The Alkaline Diet has gained popularity in recent years.
It is based on the principle that the foods you eat may alter your body’s pH.
To set the record straight, there is no evidence to support the Alkaline Diet. According to research, the foods you eat have very little effect on the pH of your blood.
Nevertheless, the Alkaline Diet categorizes foods into one of three groups:
- Acidifying foods: Meat, poultry, fish, dairy, eggs and alcohol
- Neutral foods: Natural fats, starches and sugars
- Alkalizing foods: Fruits, nuts, legumes and vegetables
Regular pH Levels in Your Body
When discussing the alkaline diet, it’s important to understand pH.
Put simply, pH is a measurement of how acidic or alkaline something is.
The pH value ranges from 0 to 14:
- Acidic: 0.0–6.9
- Neutral: 7.0
- Alkaline (or basic): 7.1–14.0
Many proponents of this diet suggest that people monitor the pH of their urine to ensure that it is alkaline (over 7) and not acidic (below 7).
However, it’s important to note that pH varies greatly within your body. While some parts are acidic, others are alkaline — there is no set level.
Your stomach is loaded with hydrochloric acid, giving it a pH of 2–3.5 — that’s highly acidic. This acidity is necessary to break down food.
On the other hand, human blood is always slightly alkaline, with a pH of 7.36–7.44.
When your blood pH falls out of the normal range, it can be fatal if left untreated.
However, this only happens during certain disease states — such as ketoacidosis caused by diabetes, starvation or alcohol intake — and has little to do with your diet.
Acid-Forming Foods and Osteoporosis
Osteoporosis is a progressive bone disease characterized by a decrease in bone mineral content.
It is particularly common among postmenopausal women and can drastically increase your risk of fractures.
Many alkaline-diet proponents believe that, in order to maintain a constant blood pH, your body takes alkaline minerals such as calcium from your bones to buffer the acids from the acid-forming foods you eat.
According to this theory, acid-forming diets, such as the standard Western diet, will cause a loss in bone mineral density. This theory is known as the “acid-ash hypothesis of osteoporosis.”
However, this theory ignores the function of your kidneys, which are fundamental to removing acids and regulating body pH.
The kidneys produce bicarbonate ions that neutralize acids in your blood, enabling your body to closely manage blood pH.
Your respiratory system is also involved in controlling blood pH. When bicarbonate ions from your kidneys bind to acids in your blood, they form carbon dioxide, which you breathe out, and water, which you pee out.
The acid-ash hypothesis also ignores one of the main drivers of osteoporosis — a loss in the protein collagen from bone.
Ironically, this loss of collagen is strongly linked with low levels of two acids — orthosilicic acid and ascorbic acid, or vitamin C — in your diet.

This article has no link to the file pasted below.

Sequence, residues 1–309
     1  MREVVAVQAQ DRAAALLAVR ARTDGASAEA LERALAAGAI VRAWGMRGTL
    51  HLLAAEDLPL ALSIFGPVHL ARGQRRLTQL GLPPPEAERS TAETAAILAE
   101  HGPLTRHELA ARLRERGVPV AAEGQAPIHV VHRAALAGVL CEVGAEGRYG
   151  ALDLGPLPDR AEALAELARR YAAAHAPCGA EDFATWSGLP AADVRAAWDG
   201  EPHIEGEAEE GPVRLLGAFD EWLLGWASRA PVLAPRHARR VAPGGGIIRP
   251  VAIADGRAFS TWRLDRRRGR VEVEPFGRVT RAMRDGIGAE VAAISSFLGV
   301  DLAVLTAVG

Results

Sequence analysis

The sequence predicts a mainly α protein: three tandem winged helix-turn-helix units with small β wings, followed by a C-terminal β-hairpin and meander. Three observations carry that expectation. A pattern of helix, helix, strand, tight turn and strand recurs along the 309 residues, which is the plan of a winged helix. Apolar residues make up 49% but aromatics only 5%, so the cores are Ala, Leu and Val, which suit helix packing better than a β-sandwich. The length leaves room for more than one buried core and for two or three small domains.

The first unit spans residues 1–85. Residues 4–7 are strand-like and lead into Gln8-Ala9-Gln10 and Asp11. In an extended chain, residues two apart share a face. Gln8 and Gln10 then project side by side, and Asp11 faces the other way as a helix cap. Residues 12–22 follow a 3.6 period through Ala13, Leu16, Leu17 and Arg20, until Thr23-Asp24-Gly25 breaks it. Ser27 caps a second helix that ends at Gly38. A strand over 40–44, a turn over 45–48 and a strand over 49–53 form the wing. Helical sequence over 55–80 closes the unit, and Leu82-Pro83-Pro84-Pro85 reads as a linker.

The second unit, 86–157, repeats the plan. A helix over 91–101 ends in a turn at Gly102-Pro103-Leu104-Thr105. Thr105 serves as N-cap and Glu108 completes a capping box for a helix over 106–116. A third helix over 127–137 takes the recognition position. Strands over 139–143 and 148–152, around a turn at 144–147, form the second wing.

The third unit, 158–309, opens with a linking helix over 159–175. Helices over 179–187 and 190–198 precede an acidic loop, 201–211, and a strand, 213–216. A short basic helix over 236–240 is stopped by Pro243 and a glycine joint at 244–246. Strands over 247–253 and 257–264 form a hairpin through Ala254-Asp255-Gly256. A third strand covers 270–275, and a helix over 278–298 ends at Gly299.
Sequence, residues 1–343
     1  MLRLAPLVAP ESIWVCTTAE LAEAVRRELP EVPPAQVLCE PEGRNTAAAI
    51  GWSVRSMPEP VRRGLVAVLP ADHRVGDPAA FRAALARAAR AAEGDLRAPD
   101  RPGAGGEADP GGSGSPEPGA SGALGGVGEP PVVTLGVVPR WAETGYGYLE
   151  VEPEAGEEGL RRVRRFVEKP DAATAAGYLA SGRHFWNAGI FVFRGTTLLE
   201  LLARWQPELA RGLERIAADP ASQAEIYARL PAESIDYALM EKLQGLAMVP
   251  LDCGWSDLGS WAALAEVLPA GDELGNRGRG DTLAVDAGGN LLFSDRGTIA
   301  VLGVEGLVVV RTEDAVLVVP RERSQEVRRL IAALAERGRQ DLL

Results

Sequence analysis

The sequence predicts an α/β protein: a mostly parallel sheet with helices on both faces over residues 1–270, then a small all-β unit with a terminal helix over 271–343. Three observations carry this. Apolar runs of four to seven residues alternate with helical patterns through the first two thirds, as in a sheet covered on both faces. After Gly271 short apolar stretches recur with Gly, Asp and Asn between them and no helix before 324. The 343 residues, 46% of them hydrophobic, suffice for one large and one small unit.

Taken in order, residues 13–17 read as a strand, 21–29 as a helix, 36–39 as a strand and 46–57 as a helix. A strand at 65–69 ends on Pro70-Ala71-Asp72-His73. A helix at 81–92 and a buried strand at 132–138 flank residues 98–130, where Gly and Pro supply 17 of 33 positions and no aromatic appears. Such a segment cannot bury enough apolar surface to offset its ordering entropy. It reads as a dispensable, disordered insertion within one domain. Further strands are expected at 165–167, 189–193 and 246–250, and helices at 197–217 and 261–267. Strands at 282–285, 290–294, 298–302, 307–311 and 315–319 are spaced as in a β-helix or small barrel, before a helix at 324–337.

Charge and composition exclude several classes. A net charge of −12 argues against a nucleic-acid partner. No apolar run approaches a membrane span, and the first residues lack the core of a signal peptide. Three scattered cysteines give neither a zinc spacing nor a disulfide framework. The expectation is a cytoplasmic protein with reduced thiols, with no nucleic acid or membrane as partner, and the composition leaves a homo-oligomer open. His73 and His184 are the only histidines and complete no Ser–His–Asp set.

Keep in mind that scientific evidence linking dietary acid to bone density or fracture risk is mixed. While many observational studies have found no association, others have detected a significant link.
Clinical trials — which tend to be more accurate — have concluded that acid-forming diets have no impact on calcium levels in your body.
If anything, these diets improve bone health by increasing calcium retention and activating the IGF-1 hormone, which stimulates repair of muscle and bone.
As such, a high-protein, acid-forming diet is likely linked to better bone health — not worse.
Acidity and Cancer
Many people argue that cancer only grows in an acidic environment and can be treated or even cured with an alkaline diet.
However, comprehensive reviews on the relationship between diet-induced acidosis — or increased blood acidity caused by diet — and cancer conclude that there is no direct link.
Firstly, food doesn’t significantly influence blood pH.
Second, even if you assume that food could dramatically alter the pH value of blood or other tissues, cancer cells are not restricted to acidic environments.
In fact, cancer grows in normal body tissue, which has a slightly alkaline pH of 7.4. Many experiments have successfully grown cancer cells in an alkaline environment.
And while tumors grow faster in acidic environments, the tumors create this acidity themselves. It is not the acidic environment that creates the cancer, but the cancer that creates the acidic environment.
Ancestral Diets and Acidity
Examining the acid-alkaline theory from both an evolutionary and scientific perspective reveals discrepancies.
One study which estimated that 87% of pre-agricultural humans ate alkaline diets formed the central argument behind the modern alkaline diet.
More recent research approximates that half of pre-agricultural humans ate net alkaline-forming diets, while the other half ate net acid-forming diets.
Keep in mind that our remote ancestors lived in vastly different climates with access to diverse foods. In fact, acid-forming diets were more common as people moved further north of the equator, away from the tropics.
Despite the fact that around half of hunter-gatherers were eating a net acid-forming diet, modern diseases are believed to have been much less common.
The Bottom Line
The alkaline diet is quite healthy, encouraging high consumption of fruits, vegetables and healthy plant foods while restricting processed junk foods.
However, the notion that the diet boosts health because of its alkalizing effects is suspect. These claims haven’t been proven by any reliable human studies.
Some studies do suggest positive effects in a very small subset of the population — an alkalizing diet, low in protein, may benefit people with chronic kidney disease.
In general, the alkaline diet is healthy because it is based on whole and unprocessed foods. Its benefits have nothing to do with pH levels.